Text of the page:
The world's first magnetic soap
26 January 2012
Researchers have created a liquid surfactant that can be moved by a magnet. The discovery opens the way to soaps and detergents which could be directed to a specific point or removed from a mixture by applying an external magnetic field.
Surfactants, which are ubiquitous in society in the form of everything from detergents and emulsifiers to wetting agents, consist of molecules containing a water-soluble anionic 'head' joined to a water-insoluble cationic 'tail'. The molecules then spontaneously aggregate into particles known as vesicles or micelles.
The research team, led by Julian Eastoe at the University of Bristol in the UK, took conventional surfactants and mixed them with an iron salt, resulting in the exchange of the original anion with the iron-containing ion. The resulting ionic liquid surfactant was shown to be able to respond to a magnetic field. Vertically suspended droplets could be deviated by a small magnet and, more spectacularly, surfactant covered by a less dense organic solvent could be pulled through the upper layer of the solvent by a magnet, overcoming both gravity and the surface tension effects at the interface of the two liquids (see video).
Magnetic surfactants could give users exquisite control over them
© Angew. Chem., Int. Ed.
To understand the cause of the magnetic effects, the team probed the surfactant using small angle neutron scattering, carried out at the Institut Laue-Langevin neutron source in Grenoble, France.
'This told us that there was internal organisation in the liquid, that there were clusters present,' says Eastoe. These clusters consist of micelles around 10nm across, in which the iron is aggregated in the central core. 'Isolated ions are not of themselves magnetic,' he explains. 'There needs to be a connection between the units. The proximity of the iron in the aggregates provides this communication between the iron-containing parts of the molecule.'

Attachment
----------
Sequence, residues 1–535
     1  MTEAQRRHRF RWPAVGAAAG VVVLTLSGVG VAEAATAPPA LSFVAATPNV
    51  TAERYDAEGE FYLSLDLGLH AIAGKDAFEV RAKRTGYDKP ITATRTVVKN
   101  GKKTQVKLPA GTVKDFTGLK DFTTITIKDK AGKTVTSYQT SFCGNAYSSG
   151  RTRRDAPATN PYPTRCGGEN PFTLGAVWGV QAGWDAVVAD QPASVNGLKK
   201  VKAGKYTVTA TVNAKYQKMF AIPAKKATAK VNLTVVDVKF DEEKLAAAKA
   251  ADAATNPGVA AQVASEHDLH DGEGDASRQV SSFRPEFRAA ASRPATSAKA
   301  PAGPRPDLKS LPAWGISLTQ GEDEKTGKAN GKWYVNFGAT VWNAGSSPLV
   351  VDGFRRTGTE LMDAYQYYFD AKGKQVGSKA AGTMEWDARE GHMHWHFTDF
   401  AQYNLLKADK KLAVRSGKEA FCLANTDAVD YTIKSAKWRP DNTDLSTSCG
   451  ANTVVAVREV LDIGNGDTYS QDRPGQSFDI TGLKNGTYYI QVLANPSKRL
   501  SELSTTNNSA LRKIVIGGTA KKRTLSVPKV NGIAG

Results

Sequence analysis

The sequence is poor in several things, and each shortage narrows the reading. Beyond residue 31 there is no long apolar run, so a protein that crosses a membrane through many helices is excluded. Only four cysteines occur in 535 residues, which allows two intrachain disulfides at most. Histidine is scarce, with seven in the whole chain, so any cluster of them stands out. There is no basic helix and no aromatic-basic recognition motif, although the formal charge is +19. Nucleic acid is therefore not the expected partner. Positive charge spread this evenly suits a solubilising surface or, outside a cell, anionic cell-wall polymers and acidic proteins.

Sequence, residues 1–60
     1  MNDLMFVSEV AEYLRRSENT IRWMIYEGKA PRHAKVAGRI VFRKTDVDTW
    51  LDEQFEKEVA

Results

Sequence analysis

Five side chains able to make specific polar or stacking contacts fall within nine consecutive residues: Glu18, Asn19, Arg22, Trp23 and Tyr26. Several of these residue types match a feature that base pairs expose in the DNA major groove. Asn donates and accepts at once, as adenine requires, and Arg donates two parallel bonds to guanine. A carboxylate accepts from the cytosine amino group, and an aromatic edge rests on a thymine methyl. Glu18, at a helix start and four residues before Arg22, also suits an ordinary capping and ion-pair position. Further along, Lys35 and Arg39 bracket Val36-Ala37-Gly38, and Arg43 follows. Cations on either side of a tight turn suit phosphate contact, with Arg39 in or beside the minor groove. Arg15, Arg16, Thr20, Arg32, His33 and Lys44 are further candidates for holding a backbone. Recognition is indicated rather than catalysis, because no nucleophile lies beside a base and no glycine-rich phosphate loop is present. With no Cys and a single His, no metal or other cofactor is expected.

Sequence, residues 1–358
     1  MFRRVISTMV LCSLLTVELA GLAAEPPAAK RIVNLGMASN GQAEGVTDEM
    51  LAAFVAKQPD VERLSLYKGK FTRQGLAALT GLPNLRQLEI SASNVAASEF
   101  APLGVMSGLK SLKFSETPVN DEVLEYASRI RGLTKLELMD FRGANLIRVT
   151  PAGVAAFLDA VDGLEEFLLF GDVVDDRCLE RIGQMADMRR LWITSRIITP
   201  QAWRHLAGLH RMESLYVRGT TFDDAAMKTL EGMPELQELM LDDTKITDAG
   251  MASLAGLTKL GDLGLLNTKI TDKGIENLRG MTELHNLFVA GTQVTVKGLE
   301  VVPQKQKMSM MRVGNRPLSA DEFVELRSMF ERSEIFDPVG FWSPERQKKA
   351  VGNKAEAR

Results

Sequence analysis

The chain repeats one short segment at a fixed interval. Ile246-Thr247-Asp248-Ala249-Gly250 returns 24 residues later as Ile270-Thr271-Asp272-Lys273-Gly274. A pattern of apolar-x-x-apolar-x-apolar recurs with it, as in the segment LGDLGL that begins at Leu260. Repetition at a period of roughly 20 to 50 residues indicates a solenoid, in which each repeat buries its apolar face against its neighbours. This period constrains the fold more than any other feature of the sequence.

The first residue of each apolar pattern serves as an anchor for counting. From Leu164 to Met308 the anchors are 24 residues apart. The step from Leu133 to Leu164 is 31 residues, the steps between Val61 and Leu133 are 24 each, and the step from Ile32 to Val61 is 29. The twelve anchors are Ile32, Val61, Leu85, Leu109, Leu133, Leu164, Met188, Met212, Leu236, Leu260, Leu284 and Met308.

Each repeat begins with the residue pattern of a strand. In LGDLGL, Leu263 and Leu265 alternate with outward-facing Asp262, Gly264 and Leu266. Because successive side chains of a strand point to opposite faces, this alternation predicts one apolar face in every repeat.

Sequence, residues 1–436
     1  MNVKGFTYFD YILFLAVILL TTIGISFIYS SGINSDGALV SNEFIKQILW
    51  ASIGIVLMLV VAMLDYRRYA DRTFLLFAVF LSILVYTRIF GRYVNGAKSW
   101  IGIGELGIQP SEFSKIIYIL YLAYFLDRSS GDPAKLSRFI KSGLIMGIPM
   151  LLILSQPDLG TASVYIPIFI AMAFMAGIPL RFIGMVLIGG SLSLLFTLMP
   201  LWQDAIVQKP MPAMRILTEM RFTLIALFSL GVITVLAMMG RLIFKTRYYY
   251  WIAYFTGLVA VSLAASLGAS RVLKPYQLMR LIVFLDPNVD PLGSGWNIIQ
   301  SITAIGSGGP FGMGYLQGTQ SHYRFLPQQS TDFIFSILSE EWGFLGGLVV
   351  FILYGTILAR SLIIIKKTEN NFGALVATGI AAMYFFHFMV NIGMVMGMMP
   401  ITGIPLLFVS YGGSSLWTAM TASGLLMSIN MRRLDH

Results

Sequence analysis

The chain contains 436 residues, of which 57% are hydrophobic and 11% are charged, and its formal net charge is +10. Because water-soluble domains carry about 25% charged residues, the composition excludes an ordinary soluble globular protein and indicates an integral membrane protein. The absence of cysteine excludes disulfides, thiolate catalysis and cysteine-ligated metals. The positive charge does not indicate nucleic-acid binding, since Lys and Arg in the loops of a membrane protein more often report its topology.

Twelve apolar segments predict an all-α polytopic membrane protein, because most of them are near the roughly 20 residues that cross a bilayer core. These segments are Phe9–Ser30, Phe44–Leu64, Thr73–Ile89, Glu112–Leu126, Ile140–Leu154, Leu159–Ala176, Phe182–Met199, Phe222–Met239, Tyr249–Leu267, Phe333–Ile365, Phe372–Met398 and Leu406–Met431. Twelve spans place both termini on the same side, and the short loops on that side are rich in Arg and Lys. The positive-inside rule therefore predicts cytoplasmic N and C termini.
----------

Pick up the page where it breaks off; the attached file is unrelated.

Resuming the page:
Eastoe says the team is now looking to develop more responsive and sensitive magnetic surfactants. 'What we have done is a proof of principle,' he says. 'We want to know if we can modify and improve chemicals so that they can perform different tricks and different tasks. We have shown that magnetic soaps and surfactants are a reality. It opens the way to being able to tell such solutions where to go, to target them or direct them to specific areas.'
Peter Griffiths, who researches surfactant chemistry at Cardiff University in the UK, is impressed by the study. 'Surfactants are some of the most versatile molecules known to us - indeed they are encountered in huge quantities by us all everyday - because of their ability to alter the properties of surfaces and interfaces,' he says. 'Eastoe has shown another remarkable feature of these fascinating molecules, where magnetic fields may be used to tune the behaviour of the surfactant at the air-water interface, indeed overcoming the effects of gravity it would seem. This study opens the door for a range of new application for surfactants that could lead to more efficient and greener chemical process.'
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P Brown et al, Angew. Chem., Int. Ed., 2012, DOI: 10.1002/anie.201108010
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